Skip to main content

LATEST UPDATES: Racial Justice | Tracking COVID-19 (coronavirus)

SECRETS OF THE DEAD: Deadliest Battle

Airs Wednesday, May 19, 2010 at 8 p.m. on KPBS TV

Soviet soldiers move through city trenches, Stalingrad, autumn 1942.

Credit: National Archives in College Park, Maryland

Above: Soviet soldiers move through city trenches, Stalingrad, autumn 1942.

Germany’s invasion of the Soviet Union in 1941 was the largest troop offensive in military history. And the Battle of Stalingrad is arguably the deadliest single battle the world has ever seen. The eventual Russian victory has long been lauded as a shining example of Stalin’s military genius.

He is said to have baited the much more powerful and technologically advanced German army with a carefully executed withdrawal, then caught the Nazis unprepared in vicious city-block-by-city-block fighting that decimated the German forces.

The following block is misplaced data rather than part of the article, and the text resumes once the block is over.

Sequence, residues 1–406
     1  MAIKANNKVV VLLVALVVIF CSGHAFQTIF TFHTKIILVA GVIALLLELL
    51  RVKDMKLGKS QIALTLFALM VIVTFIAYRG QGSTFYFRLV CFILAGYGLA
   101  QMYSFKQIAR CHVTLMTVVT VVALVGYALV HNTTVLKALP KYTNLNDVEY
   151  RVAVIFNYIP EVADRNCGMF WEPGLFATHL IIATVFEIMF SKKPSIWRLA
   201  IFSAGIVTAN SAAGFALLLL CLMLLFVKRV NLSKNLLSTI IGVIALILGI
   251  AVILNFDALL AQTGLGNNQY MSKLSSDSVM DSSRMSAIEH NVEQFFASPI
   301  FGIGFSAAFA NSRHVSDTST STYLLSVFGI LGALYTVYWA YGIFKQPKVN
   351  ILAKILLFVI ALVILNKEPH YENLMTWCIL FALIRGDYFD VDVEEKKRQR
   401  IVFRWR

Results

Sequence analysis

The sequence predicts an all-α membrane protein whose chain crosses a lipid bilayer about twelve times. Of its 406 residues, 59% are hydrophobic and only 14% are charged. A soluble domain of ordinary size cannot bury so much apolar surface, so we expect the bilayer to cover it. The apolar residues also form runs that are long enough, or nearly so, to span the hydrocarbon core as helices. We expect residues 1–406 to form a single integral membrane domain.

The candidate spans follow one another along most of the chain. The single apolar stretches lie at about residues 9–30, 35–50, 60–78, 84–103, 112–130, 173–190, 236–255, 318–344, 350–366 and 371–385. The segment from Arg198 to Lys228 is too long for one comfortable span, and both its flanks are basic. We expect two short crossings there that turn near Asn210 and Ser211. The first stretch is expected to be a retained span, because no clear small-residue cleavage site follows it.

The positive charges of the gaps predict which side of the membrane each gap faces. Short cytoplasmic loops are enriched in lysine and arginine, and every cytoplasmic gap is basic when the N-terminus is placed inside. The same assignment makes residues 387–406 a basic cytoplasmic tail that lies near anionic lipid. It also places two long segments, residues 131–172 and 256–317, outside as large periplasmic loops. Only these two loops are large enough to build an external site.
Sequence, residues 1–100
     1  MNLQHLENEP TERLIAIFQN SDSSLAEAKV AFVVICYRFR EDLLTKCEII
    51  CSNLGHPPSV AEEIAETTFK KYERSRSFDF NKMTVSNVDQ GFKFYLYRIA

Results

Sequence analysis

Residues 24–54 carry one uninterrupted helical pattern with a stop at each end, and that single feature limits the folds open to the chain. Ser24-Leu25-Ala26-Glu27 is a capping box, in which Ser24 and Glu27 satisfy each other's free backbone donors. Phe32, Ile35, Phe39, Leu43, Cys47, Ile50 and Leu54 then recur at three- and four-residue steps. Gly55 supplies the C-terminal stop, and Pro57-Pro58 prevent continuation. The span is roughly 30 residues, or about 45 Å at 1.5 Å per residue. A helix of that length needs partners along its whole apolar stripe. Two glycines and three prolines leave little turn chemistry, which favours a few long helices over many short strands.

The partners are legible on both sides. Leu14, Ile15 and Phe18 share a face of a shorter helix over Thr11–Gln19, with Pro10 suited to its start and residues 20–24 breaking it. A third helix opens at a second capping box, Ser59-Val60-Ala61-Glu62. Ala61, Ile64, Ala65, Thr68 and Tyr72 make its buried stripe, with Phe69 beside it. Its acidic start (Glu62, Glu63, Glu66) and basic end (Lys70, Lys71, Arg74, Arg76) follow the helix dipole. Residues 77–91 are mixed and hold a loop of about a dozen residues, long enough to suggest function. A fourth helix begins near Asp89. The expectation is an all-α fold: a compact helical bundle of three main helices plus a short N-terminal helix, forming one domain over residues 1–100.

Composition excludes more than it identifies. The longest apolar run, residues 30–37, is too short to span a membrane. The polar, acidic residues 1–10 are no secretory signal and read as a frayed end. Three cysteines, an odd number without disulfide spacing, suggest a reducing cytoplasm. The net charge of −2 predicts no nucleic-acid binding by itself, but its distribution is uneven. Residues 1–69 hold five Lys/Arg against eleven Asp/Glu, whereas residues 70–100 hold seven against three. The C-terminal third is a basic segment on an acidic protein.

By the time the battle was over, more than one million lives had been lost and the course of the war permanently altered. But 70 years after the battle was fought, newly uncovered documents, survivor accounts and stunning archival footage are revealing a different picture.

“Deadliest Battle” uncovers evidence that describes a forced retreat by the Russians, not a tactical one, in addition to much fiercer fighting in the countryside than previously thought. The battle not only changed the course of World War II, but established the Soviet Union as a superpower to be reckoned with in the long Cold War that lay ahead. More than a half-century later, the full impact of this horrific battle is revealed. Watch a preview.

FEATURED PODCAST

San Diego News Matters podcast branding

KPBS' daily news podcast covering local politics, education, health, environment, the border and more. New episodes are ready weekday mornings so you can listen on your morning commute.

  • Every weekday afternoon, we’ll send you our top TV picks so you can hear about upcoming programs and never miss your favorite shows.

This site is protected by reCAPTCHA and the Google Privacy Policy and Terms of Service apply.

Want more KPBS news?
Find us on Twitter and Facebook, or sign up for our newsletters.

To view PDF documents, Download Acrobat Reader.